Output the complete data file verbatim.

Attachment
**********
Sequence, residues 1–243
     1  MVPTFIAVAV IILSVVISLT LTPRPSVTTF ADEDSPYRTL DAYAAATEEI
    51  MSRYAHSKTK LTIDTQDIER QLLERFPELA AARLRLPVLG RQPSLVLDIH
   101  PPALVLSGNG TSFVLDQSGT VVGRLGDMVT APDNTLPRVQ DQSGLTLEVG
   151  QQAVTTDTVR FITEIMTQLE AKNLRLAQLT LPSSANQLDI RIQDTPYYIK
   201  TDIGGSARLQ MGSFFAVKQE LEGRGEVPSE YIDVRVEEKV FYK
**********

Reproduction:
Sequence, residues 1–243
     1  MVPTFIAVAV IILSVVISLT LTPRPSVTTF ADEDSPYRTL DAYAAATEEI
    51  MSRYAHSKTK LTIDTQDIER QLLERFPELA AARLRLPVLG RQPSLVLDIH
   101  PPALVLSGNG TSFVLDQSGT VVGRLGDMVT APDNTLPRVQ DQSGLTLEVG
   151  QQAVTTDTVR FITEIMTQLE AKNLRLAQLT LPSSANQLDI RIQDTPYYIK
   201  TDIGGSARLQ MGSFFAVKQE LEGRGEVPSE YIDVRVEEKV FYK